It should be a long-term goal to couple the CSI with a four year college; either state run or private. There is plenty of land for such a site, and in fact, some areas under consideration for low income housing might be put to better use as a college. Likewise, areas on mainland Dare, or even southern Currituck would make good locations. If Currituck is worried about density and impacts on their school system from Dare "spillover", then perhaps a college or university would prove a useful compromise.

We need to look for diversity that will "smooth out" our economy, both seasonally and long-term. Any such diversity should be compatible with our life style and our environment. That rules out any form of industry in the traditional sense of the word, and rightly so.

A college or university might be something that suits our needs in our quest to provide a more stable economic environment.

Monday, January 26, 2009

Outer Banks Shrine Club goes to New Bern!

The Shrine is one of three major Masonic appendant bodies associated with the Masonic Lodge (the other two being the York & Scottish Rites). Shriner's are the most visible of all Masonic groups, well known for the red fez, miniature cars in parades, and a certain reputation for partying.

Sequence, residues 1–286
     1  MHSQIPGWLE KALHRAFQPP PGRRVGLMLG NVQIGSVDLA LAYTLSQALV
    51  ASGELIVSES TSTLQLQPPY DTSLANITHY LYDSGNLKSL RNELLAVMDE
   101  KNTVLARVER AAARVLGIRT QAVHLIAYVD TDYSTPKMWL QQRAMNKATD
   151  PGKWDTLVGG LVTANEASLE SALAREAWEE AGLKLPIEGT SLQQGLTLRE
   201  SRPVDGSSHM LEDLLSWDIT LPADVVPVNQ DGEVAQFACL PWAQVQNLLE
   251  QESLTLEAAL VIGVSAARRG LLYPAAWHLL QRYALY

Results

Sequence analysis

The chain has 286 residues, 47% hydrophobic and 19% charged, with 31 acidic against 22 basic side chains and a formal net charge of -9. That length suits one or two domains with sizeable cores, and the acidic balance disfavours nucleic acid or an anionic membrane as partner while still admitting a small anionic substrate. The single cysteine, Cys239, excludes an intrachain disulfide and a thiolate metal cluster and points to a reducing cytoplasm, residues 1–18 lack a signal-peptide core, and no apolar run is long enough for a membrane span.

But the main purpose of the Shrine is the operation of 22 children's hospitals in North America; including Mexico and Canada that specialize in burn injuries, spinal cord and orthopaedic problems, cleft lip and palate. Children are admitted regardless of financial need, and those who cannot pay are treated for free. In addition to raising money for the hospitals, Shriner's volunteer and manage transportation through the Roadrunner's program and other programs using Shriner's personal aircraft to transport children and their families.

The Outer Banks Shrine Club and its parade unit take part in a number of parades all over North Carolina, but the most interesting one's are those associated with our "ceremonials", where new Shriner's are initiated into the "Hot Sands". Prior to every initiation, a Shrine parade of units from all over Eastern NC takes place in the host city. The Winter Ceremonial is always in New Bern, NC, headquarters of the Sudan Temple, which represents Shriner's in this part of the state.



Here is Moon Tillett in his miniature fishing vessel, while Dane McPhearson, who rides a motorized surf board looks on. In the background is the pirate ship of the Elizabeth City Buccaneers Shrine Club.

The Animaniacs Shrine Unit on the right dresses in costumes from the popular TV show.

This man-in-a-hammock car was the one I drove this year.








To the left, one of the Midgett "twins" stands in front of the Beach Bums land shark, while talking with one of the Elizabeth City Buccaneers.